In my previous post about the Android fragmentation, I had detailed its cyclical nature, using basic statistical properties. However, the continuation of this cyclical pattern was partly dependent on the Android platform moving closer to an annual release cycle, as stated by Any Rubin. Let's take a look at why Jelly Bean's was released early and the impact this could have on Android fragmentation.
Reason for Early Release
This is actually fairly simple to explain. The primary reason for the early release of Jelly Bean was one word - marketing. With the Nexus 7 tablet, Google is mounting a major push into the tablet market and in order to ensure that they created enough market buzz, they felt the need to use every weapon at their disposal, including making it the first device to run a new version of Android. Even though Jelly Bean is basically an incremental update with few major changes, the branding power of a new Android version cannot be understated. In addition to this, Google wanted to tie up some loose ends on the performance front before starting the tablet push.
Impact on Android Fragmentation
Let's take a look at the latest Android version distribution figures from Google (as of 2nd July 2012):
As we can clearly see, even though Gingerbread's share has started to reduce, it is still the dominant android version while ICS is yet to reach critical mass, with a penetration of 10.9%. The chart also shows that this is fairly consistent with the pace of Gingerbread's adoption into the market within the same time frame as well.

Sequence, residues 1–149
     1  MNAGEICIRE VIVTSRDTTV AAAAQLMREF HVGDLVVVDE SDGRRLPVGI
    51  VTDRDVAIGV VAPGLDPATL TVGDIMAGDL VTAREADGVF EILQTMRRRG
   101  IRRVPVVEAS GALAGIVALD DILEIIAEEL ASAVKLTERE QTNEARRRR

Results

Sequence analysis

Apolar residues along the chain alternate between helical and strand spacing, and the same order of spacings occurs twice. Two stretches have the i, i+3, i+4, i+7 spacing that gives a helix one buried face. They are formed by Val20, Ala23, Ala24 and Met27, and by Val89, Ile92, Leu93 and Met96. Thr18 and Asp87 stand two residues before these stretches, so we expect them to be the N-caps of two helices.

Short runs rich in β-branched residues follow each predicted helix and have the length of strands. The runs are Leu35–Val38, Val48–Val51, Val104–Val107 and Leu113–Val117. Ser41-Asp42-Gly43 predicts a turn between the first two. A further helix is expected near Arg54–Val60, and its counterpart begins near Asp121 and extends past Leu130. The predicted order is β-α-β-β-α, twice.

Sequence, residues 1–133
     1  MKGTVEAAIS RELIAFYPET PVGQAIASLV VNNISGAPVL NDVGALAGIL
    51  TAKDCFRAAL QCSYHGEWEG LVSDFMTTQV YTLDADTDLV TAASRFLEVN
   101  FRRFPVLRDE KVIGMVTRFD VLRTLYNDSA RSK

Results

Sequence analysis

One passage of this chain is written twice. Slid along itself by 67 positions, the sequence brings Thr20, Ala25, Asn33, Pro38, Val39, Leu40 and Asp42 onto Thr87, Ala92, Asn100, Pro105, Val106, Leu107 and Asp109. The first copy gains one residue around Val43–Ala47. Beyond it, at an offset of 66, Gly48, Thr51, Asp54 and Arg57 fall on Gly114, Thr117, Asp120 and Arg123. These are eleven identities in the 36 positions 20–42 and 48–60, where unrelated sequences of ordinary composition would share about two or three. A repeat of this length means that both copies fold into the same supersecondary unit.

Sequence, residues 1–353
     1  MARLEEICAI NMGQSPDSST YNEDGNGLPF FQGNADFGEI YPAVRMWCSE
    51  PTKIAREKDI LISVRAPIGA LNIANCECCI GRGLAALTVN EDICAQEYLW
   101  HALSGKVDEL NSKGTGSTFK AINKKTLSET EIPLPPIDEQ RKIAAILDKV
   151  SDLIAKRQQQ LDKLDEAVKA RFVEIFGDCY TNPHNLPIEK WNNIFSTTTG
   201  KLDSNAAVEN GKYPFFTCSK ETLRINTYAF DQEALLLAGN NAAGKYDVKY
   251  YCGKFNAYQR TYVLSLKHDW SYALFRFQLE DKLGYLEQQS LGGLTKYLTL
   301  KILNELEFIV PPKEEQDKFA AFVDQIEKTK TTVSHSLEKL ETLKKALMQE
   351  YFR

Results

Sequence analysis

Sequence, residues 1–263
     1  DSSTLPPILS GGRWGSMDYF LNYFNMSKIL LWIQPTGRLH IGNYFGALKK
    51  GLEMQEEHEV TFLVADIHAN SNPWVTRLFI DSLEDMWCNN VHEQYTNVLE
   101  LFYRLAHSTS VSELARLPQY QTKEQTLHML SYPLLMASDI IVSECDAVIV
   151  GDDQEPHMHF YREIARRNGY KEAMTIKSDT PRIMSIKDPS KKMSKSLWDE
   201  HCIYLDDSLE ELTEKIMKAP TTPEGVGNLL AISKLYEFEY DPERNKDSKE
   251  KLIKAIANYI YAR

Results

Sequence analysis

As we did in my previous post, let's take a look at the current values of Kurtosis and the H-index to understand the state of Android fragmentation.
Kurtosis seems to have reached its peak as ICS adoption has increased. This is natural, as ICS is currently in process of replacing FroYo on the adoption chart. As FroYo's market penetration reduces, Kurtosis should see another fall. Kurtosis will be a cyclical pattern with a rising mean as the number of "active" android versions increases. The H-Index, meanwhile, is still following the familiar cyclical pattern between 0.33 and 0.50. This means that developers still need to focus on 2 operating system versions apart from ICS. However, the early release of Jelly Bean could throw a wrench into this, as there will soon be two "new" versions. Since FroYo's penetration has not yet reached a level that is sufficiently low, developers will need to focus on ICS and Jelly Bean apart from the two older versions and this will have a negative impact on the H-Index.
The saving grace is that since Jelly Bean is merely a small incremental upgrade (primarily performance oriented), it may not be vastly different from ICS, from an app development perspective. This should also ensure that the pace of Jelly Bean adoption by OEMs is faster. Google has also released a Platform Development Kit (PDK) for OEMs that will be released 2-3 months before the release of a new Android version. This should, in theory, speed up the upgrade process from OEMs' perspective. However, the Android Upgrade Alliance was formed to tackle this problem as well, with no real results. At the end of the day, this will come down to OEM motivations.